Scientists have discovered that marine diatoms, tiny phytoplankton abundant in the sea, have an animal-like urea cycle, and that this cycle enables the diatoms to efficiently use carbon and nitrogen from their environment.
The researchers, from the J. Craig Venter Institute (JCVI) and other institutions, published their findings in this week's issue of the journal Nature.
The team, led by lead author Andrew Allen from JCVI and co-author Chris Bowler, Institute of Biology, Ecole Normale Suprieure, Paris, believes that the cycle could be a reason for the domination of diatoms in marine environments, especially after upwelling events--the upward movement of nutrient rich waters from the deep ocean to the surface.
In response to ocean upwelling, diatoms are able to quickly recover from prolonged periods of nutrient deprivation and rapidly proliferate.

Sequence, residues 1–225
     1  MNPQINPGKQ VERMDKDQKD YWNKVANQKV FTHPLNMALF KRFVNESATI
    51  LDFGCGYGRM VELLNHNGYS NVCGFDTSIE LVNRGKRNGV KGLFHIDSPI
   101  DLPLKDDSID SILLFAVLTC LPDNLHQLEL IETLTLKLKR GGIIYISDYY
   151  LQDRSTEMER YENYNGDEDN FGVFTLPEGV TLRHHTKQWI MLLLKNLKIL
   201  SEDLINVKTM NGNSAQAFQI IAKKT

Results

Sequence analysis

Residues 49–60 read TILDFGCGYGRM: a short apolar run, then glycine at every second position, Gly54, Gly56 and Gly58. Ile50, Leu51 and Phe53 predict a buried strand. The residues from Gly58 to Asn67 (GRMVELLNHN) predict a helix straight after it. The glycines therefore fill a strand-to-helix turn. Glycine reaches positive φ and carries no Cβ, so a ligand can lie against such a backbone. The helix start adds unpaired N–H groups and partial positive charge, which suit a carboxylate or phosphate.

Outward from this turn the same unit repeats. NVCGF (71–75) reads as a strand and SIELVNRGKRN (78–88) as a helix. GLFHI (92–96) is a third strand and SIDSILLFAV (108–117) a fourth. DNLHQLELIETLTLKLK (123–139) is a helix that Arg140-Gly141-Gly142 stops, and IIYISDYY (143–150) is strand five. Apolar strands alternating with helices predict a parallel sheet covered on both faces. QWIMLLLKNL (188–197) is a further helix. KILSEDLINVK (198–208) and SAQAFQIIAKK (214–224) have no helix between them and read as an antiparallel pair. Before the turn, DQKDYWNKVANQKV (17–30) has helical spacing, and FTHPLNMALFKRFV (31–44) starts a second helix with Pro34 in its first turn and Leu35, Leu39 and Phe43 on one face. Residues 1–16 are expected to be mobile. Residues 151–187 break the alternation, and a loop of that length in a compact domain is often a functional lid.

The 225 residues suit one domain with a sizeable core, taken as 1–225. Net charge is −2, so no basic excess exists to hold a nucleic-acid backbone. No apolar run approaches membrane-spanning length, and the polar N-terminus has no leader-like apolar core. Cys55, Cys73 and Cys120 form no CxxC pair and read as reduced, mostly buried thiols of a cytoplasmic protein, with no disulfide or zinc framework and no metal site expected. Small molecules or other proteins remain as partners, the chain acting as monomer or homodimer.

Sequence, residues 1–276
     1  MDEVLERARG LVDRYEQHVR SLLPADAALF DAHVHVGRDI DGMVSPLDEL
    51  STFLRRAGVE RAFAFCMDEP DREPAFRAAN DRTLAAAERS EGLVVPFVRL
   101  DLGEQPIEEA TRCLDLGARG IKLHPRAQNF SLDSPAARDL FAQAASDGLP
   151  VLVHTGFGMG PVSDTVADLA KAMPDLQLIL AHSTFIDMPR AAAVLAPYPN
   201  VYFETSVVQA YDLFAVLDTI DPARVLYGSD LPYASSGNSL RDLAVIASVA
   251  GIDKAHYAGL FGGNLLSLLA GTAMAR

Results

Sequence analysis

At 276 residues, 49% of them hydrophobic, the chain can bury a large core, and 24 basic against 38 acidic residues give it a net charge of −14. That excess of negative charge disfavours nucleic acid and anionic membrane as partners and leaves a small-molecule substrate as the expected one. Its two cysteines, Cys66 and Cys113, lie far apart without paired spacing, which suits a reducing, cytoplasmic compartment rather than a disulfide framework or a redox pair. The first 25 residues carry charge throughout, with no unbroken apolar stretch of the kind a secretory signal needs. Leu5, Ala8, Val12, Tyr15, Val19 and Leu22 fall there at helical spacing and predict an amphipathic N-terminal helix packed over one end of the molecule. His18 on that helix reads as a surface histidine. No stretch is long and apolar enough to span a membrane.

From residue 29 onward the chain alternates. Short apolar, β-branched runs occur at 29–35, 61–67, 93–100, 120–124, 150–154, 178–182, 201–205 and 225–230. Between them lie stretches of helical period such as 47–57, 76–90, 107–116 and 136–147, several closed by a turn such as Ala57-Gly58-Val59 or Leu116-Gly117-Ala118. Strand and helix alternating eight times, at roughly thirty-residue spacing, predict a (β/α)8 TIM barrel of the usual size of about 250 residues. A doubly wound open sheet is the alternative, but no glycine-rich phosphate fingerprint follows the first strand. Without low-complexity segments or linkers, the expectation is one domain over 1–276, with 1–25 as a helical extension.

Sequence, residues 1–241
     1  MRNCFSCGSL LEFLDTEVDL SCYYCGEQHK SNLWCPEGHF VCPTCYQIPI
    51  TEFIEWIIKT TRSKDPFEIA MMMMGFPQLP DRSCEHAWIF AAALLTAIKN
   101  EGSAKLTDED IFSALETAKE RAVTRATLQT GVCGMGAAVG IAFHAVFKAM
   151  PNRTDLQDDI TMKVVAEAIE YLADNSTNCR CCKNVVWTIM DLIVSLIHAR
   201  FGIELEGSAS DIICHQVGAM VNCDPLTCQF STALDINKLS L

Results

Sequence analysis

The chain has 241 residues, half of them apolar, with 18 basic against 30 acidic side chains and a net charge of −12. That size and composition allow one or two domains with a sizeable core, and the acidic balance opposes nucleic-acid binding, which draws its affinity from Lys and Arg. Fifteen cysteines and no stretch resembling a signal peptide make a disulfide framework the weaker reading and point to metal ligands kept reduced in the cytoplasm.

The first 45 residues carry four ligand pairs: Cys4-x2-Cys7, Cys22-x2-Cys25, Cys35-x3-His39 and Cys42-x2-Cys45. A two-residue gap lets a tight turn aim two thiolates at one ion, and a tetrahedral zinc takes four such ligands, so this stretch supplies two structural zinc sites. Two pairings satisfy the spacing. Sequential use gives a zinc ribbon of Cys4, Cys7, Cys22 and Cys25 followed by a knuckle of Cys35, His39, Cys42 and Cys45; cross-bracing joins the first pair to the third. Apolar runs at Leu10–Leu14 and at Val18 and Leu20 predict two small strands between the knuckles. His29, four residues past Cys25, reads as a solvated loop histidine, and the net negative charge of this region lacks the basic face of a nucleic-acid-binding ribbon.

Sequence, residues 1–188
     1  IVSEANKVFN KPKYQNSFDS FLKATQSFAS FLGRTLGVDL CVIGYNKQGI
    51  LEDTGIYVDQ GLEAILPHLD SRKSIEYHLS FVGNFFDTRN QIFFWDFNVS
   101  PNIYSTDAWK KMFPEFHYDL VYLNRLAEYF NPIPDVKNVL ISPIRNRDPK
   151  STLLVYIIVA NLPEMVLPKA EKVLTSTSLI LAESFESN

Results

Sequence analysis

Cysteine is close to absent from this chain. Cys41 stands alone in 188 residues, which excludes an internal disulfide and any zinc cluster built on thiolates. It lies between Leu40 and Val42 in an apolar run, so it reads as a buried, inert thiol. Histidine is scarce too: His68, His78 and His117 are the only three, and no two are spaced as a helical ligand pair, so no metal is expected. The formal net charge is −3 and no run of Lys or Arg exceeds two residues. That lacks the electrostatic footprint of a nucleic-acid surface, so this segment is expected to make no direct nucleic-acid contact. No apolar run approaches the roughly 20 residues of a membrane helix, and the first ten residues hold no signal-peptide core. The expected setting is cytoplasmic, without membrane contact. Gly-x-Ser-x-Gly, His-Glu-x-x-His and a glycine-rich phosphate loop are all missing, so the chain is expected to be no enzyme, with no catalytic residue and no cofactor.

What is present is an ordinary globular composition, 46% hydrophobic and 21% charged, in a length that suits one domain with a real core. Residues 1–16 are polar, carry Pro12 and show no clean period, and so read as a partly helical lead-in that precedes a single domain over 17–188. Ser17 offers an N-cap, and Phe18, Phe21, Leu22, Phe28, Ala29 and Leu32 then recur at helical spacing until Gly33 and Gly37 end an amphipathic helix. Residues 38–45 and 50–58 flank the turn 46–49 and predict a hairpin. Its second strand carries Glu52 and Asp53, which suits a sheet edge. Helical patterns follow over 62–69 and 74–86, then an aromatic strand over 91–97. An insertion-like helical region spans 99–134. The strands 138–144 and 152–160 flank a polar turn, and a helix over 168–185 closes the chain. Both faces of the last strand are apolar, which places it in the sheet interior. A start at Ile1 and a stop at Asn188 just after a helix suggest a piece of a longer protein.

"This study provides fascinating insights into how diatoms have evolved to become the dominant primary producers in many ocean regions," says David Garrison, program director in the National Science Foundation's (NSF) Division of Ocean Sciences, which funded the research along with NSF's Division of Molecular and Cellular Biosciences.
Diatoms have unique cell walls made of silica. They are key organisms for understanding the environmental health of marine ecosystems, and are responsible for much of the carbon and oxygen production in the ocean.
Diatom photosynthesis in ocean environments is also responsible for about one fifth of the oxygen in the atmosphere.
In previous research, Allen, Bowler and colleagues sequenced the genome of the first pennate diatom, Phaeodactylum tricornutum.
In that research, they developed new methods for determining the origin of diatom genes. They also looked at nutrient metabolism in diatoms, beginning with iron metabolism.
Building on that work, Allen and colleagues explored the evolutionary history
|Contact: Cheryl Dybas|
National Science Foundation